Latrobe Valley unions are calling for the state government to reveal the details over how a $200 million deal with Australian Paper would secure jobs as the industry transitions from native forest logging.
Latrobe Valley Australian Manufacturing Workers Union organiser and Gippsland Trades and Labour Council secretary Steve Dodd described the “taxpayer handout” as “mysterious”.
“We have no clarity on what this $200 million means and we want to know the details of the terms and conditions,” Mr Dodd said.
The Herald Sun reported on Monday that a $200m “secret deal” had been signed with Australian Paper and the state government to secure the Maryvale mill’s future.
Premier Daniel Andrews announced a separate $120 million transition package last year as part of a plan to transition out of native logging to planation timber by 2030.
Mr Andrews had made several assurances that 1000 Maryvale jobs would be secure to 2050.
However, details of how the arrangement with AP “are commercial-in-confidence – this is standard business practice,” according to the state government.
Mr Dodd said he was unclear as to how the jobs would be secured, and wanted to know if this funding would tie into AP’s multi-million dollar energy-from-waste, aquaculture and bio-manufacturing projects.
“We want the details of what this money will be spent on. We have had no discussions with the government about it,” Mr Dodd said.
“We are in the middle of an industrial dispute with Australian Paper which is trying to smash wages and conditions of workers, and now they get a $200m taxpayer handout.”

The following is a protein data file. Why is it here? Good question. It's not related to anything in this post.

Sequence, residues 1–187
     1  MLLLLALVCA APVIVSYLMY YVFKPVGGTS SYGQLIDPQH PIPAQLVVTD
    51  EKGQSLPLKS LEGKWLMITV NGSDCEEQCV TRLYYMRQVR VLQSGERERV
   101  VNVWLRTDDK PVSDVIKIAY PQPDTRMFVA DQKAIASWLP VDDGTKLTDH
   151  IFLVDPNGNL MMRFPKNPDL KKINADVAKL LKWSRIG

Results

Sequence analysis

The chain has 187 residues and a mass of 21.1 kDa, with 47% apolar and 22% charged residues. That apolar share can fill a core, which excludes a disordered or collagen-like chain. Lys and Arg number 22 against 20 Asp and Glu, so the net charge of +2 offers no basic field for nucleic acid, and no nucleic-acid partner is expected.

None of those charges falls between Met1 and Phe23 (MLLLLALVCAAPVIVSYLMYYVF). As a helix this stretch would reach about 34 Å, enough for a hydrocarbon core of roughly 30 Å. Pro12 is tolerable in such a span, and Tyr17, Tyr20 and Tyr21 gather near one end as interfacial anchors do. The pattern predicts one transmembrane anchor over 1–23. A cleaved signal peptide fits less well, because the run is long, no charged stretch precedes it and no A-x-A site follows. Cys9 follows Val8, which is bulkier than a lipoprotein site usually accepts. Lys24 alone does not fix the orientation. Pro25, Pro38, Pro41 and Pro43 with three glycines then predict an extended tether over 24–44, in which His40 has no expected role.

Member for Morwell Russell Northe described the deal as “an agreement cut out of air” and said there was “no detail, which is frustrating for everybody”.
Mr Northe said he was unsure how plantation timber would be sourced from 2030 if there was insufficient supply – particularly if plantations were hit by bushfires.
“It’s terrific they are putting the money on the table, but how does it secure the future? I hope the government will be very clear in stating how every single job at AP will be guaranteed,” Mr Northe said.
“There is no way you can sustain Australian Paper operations at current plantation levels, how can you guarantee supply and what happens to these jobs?”
A state government spokesman said the 30-year transition plan “provides certainty for Australian Paper workers and their families”.
“Industry and retailers are moving towards more sustainable timber products and the future of the forestry industry relies on a government with a clear long-term plan,” he said.
An Australian Paper spokesman said the company supported the government’s commitments regarding the long-term transition to plantation-based supply.
“We appreciate that this process will take time and remain open to working with government towards this outcome,” he said.